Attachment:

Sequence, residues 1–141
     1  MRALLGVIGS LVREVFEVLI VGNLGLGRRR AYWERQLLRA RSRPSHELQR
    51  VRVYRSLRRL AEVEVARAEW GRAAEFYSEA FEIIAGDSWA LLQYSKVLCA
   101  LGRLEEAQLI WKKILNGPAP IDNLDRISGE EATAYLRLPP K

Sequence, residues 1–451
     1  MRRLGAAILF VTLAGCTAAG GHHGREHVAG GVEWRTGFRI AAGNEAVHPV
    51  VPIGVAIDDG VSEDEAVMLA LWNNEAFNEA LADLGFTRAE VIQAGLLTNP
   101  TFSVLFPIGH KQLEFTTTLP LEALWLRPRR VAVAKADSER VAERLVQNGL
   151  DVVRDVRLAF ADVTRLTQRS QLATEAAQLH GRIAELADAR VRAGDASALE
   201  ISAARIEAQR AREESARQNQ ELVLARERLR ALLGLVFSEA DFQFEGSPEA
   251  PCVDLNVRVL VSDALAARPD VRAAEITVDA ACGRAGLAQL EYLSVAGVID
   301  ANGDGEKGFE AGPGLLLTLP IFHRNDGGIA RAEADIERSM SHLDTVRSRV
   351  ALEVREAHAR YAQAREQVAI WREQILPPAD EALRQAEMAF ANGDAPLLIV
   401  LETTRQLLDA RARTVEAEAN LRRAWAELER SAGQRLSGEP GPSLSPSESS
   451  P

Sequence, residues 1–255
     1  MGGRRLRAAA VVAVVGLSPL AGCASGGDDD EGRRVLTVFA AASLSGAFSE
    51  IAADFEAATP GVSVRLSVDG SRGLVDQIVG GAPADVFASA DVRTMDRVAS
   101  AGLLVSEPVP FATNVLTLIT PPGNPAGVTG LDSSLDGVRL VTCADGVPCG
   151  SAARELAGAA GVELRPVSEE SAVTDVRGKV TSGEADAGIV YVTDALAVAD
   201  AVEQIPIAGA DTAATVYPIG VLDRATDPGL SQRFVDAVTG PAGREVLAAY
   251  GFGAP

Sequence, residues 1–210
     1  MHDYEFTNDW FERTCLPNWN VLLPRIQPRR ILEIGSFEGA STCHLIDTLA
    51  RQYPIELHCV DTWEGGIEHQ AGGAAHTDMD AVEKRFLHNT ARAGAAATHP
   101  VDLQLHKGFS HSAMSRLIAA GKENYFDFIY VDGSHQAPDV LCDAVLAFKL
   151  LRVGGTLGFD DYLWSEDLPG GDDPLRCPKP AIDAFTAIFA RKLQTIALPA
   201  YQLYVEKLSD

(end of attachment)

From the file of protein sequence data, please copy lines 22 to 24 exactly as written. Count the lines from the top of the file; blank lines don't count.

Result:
   251  GFGAP

Sequence, residues 1–210
     1  MHDYEFTNDW FERTCLPNWN VLLPRIQPRR ILEIGSFEGA STCHLIDTLA